Everglades mangroves worth billions in fight against climate change

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In addition to removing excess carbon dioxide from the air, mangroves provide a variety of other benefits, including flood control, storm protection and maintaining water quality.

When it comes to storing carbon, scientists have put a price tag on the value of mangroves in Everglades National Park and it’s in the billions.

Based on a scientific cost estimate, the stored carbon is worth between $2 billion and $3.4 billion, the researchers found. It is a relatively small price when considering the cost to society if the carbon currently stored in these mangroves were ever released into the atmosphere, according to the scientists.

“Although the Everglades National Park is a protected national treasure, the National Parks Service doesn’t have much control over freshwater flowing into the park,” said Mahadev Bhat, co-author of the study and professor in the Department of Earth and Environment. “If there isn’t enough freshwater flowing through the Everglades, we may eventually lose some of the mangroves. And once you let stored carbon out, that same carbon can lead to increased global warming and cost society a lot more.”

In addition to removing excess carbon dioxide from the air, mangroves provide a variety of other benefits, including flood control, storm protection and maintaining water quality. The billion-dollar price tag reflects the cost to preserve the park’s mangroves and their ability to hold organic carbon intact by restoring freshwater flow to the areas that need it the most.

The mangrove forests of the Everglades National Park are the largest in the continental United States. Although protected, the Everglades is affected by sea level rise, hurricanes, changes in water flow and other environment events. Decreased funding for Everglades restoration is also problem.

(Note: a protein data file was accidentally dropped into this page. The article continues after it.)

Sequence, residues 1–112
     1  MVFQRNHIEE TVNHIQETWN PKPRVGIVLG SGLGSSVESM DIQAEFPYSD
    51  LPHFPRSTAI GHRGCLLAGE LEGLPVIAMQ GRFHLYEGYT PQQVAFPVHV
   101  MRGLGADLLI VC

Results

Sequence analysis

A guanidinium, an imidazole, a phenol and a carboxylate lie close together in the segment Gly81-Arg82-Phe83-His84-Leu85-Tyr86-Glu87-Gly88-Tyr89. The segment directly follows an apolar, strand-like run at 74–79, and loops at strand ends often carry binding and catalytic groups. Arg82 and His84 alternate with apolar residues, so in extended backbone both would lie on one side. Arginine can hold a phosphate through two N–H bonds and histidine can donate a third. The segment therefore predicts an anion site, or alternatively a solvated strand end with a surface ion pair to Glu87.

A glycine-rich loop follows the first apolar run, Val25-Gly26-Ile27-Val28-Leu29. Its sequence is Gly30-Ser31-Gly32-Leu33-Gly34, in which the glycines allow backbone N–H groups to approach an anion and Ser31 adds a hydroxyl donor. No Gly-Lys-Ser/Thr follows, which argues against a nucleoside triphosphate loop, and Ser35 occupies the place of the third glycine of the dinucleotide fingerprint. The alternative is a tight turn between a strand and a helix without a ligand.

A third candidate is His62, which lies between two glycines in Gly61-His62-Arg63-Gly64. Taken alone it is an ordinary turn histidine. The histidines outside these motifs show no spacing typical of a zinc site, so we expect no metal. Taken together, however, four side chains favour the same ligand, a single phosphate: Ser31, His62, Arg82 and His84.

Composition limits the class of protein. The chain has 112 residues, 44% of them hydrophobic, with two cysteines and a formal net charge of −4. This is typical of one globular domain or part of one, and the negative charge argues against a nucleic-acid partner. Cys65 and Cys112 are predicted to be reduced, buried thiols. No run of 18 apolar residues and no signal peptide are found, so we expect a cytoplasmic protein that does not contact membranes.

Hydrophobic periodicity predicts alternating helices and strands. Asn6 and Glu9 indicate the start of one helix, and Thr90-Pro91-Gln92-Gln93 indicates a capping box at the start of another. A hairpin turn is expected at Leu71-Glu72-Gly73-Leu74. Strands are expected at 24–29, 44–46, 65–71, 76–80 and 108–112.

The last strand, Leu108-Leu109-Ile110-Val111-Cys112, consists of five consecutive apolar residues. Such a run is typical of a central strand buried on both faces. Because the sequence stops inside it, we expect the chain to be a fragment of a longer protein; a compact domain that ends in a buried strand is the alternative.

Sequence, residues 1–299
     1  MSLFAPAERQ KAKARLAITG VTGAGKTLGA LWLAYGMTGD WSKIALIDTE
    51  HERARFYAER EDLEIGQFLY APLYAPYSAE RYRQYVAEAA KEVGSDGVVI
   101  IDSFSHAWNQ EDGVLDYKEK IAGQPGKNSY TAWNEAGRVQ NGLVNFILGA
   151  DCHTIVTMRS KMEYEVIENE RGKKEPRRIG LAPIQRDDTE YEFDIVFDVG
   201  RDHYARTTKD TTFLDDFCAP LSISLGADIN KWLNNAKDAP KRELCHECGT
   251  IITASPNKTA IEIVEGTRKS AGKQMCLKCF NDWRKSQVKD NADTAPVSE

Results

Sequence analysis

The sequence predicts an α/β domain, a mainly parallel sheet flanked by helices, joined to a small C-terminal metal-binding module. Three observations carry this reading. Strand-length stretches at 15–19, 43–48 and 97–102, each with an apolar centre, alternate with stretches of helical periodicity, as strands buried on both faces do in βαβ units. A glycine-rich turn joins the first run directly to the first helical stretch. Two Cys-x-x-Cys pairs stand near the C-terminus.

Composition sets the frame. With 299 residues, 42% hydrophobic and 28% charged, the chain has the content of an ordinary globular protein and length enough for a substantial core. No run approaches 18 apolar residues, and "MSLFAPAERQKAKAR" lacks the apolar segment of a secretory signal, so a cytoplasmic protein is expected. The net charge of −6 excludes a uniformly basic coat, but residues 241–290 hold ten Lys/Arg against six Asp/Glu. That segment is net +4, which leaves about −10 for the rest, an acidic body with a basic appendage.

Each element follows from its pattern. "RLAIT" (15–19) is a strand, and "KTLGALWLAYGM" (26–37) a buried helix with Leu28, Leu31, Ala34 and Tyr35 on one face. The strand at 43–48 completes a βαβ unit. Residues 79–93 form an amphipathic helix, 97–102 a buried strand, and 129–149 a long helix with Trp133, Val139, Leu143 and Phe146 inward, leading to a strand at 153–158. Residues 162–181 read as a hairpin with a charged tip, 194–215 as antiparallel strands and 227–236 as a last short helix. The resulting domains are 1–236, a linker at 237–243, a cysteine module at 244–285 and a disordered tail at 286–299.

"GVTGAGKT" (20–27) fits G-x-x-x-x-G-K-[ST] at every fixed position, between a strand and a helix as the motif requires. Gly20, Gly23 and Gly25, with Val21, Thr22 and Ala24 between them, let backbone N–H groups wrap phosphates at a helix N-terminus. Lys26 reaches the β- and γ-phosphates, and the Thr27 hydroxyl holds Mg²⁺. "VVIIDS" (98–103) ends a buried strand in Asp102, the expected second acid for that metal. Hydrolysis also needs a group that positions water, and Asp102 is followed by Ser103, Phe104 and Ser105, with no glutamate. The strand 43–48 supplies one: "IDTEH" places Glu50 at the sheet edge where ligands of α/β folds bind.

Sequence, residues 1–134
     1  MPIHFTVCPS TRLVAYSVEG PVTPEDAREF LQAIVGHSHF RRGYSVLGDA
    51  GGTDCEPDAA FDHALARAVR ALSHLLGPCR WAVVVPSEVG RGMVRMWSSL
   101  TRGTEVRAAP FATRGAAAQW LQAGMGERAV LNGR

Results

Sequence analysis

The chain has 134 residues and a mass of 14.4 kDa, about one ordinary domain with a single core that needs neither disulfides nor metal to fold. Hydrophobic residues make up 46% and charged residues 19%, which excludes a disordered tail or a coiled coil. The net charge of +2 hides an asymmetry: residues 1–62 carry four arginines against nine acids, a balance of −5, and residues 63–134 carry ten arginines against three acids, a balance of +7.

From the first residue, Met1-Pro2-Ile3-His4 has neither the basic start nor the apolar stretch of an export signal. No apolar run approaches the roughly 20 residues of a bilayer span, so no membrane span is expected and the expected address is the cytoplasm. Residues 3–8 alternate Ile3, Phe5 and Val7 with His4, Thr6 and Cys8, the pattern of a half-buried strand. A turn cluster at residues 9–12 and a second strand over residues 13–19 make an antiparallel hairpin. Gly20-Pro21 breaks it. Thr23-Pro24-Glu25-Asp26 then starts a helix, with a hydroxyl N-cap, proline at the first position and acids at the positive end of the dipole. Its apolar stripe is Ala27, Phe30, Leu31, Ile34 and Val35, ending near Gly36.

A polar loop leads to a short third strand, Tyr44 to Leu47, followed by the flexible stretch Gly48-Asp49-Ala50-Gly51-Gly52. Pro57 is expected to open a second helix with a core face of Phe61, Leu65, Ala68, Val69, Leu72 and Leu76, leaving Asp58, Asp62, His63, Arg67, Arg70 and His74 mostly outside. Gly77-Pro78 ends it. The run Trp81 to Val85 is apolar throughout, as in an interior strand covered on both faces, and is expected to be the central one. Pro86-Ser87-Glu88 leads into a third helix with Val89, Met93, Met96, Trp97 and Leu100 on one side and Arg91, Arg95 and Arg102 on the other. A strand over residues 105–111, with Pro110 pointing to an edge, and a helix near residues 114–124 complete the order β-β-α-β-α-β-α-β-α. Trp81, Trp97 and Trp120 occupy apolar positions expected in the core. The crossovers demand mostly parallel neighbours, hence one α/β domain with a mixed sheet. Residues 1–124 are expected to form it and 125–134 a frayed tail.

“Preventing the loss of stored carbon in mangroves could become a critical component of the nation’s climate change mitigation strategies,” said Meenakshi Jerath, the lead author of the study and researcher in FIU’s Extreme Events Institute. Jerath also earned a master’s degree from the Department of Earth and Environment.

“Having an inventory of the stored organic carbon and its potential economic value is key to designing such strategies that secure funding to warrant their conservation and research work, and, more importantly, further awaken the public interest and understanding of the mangroves’ socioeconomic importance.”

The study was published in the journal of Environmental Science and Policy. The study was done in collaboration with researchers at Louisiana State University and the NASA Jet Propulsion Laboratory. It was funded by the National Science Foundation’s Water, Sustainability and Climate Program and the Florida Coastal Everglades Long Term Ecological Research Program.


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